Tuesday, 27 February 2018

Questions (49)

Alan Farrell


49. Deputy Alan Farrell asked the Minister for Housing, Planning and Local Government if consideration has been given to a scheme to discount commercial rates for child care service providers as part of the ongoing efforts to make child care more affordable; and if he will make a statement on the matter. [8824/18]

View answer

Written answers (Question to Housing)

Local authorities are under a statutory obligation to levy rates on any property used for commercial purposes in accordance with the details entered in the valuation lists prepared by the Commissioner of Valuation under the Valuation Acts 2001 to 2015.  The Commissioner of Valuation has responsibility for valuation matters, including determination of relevant property under the Acts for the purposes of rates.  The levying and collection of rates are matters for each individual local authority.

The Valuation Act 2001, as amended by the Valuation (Amendment) Act 2015, provides that all buildings used or developed for any purpose, including constructions affixed thereto, are rateable unless expressly exempted under Schedule 4 of the Act.  Such exempt buildings would principally include those used for public worship, education and health care provided on a not-for-profit basis, and charitable purposes.  Included in the exemptions under Schedule 4 are properties occupied by parties that provide early childhood care and education on a not-for-profit basis, and properties that only provide the Early Childhood Care and Education Scheme.  In general, the Acts maintain the long-standing position that all properties of occupiers that operate with the intention of making a profit are rateable, including all private childcare facilities.  There are no proposals under consideration for a discount of commercial rates for childcare service providers in this regard.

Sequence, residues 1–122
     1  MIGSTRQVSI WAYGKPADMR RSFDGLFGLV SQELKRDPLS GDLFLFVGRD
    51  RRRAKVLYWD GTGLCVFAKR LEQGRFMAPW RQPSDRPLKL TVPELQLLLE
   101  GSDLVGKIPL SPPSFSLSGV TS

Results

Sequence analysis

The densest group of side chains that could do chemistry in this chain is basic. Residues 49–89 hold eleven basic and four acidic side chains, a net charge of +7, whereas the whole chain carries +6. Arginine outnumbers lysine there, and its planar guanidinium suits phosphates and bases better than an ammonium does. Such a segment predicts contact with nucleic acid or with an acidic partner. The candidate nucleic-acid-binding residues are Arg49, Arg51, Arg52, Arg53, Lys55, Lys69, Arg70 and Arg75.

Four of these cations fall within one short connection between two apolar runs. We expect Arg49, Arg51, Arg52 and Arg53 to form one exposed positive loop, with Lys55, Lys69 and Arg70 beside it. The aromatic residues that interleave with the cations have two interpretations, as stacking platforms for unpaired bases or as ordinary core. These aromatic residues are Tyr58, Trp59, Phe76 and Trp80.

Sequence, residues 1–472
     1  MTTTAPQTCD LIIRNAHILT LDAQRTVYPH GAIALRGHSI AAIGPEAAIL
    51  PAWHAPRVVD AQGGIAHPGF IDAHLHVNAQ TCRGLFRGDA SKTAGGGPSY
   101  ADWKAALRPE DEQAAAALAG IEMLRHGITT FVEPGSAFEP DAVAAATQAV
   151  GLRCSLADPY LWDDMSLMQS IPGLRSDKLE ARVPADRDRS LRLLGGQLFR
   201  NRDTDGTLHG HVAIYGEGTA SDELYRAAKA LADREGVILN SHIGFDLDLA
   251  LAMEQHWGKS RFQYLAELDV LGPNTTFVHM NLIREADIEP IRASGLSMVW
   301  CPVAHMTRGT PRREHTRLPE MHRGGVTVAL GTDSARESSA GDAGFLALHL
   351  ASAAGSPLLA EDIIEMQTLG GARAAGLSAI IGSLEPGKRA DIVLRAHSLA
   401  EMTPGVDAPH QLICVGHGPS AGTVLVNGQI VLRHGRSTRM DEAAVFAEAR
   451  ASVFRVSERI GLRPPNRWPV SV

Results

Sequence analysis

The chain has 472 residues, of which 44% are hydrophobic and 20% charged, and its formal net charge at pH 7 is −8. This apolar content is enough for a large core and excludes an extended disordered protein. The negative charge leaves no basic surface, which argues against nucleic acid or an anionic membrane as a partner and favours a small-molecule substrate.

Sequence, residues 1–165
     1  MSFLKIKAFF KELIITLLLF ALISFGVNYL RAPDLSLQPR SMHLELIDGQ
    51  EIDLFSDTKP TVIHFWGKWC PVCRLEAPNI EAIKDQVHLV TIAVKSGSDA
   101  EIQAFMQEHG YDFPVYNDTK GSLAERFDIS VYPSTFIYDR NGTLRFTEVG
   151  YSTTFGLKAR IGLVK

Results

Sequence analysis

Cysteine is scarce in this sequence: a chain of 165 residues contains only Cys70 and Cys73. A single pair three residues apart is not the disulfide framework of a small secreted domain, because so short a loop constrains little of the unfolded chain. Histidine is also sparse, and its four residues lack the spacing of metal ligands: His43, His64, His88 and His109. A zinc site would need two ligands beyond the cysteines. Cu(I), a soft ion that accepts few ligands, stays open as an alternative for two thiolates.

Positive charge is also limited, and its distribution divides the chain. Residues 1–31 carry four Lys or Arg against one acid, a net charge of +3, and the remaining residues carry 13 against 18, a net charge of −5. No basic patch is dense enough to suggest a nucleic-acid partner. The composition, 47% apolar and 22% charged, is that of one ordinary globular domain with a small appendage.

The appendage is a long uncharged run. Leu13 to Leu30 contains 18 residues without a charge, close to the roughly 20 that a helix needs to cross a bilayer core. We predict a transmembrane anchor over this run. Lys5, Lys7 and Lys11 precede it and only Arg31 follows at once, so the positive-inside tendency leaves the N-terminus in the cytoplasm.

The Acts are quite specific about the range of exemptions that can be allowed by the Commissioner of Valuation, who has no discretionary latitude to grant exemptions not covered by Schedule 4.

There are a number of avenues of redress for an occupier of rateable property who is dissatisfied with a determination of valuation made under the provisions of the Acts. Firstly, before a determination is made, there is a right to make representations to the Valuation Office in relation to a proposed valuation.  If the occupier is still dissatisfied with the determination, there is a right of appeal to the Valuation Tribunal, which is an independent body set up for the purpose of hearing appeals against determinations of the Valuation Office. Also, there is a right of appeal to the Courts on a point of law.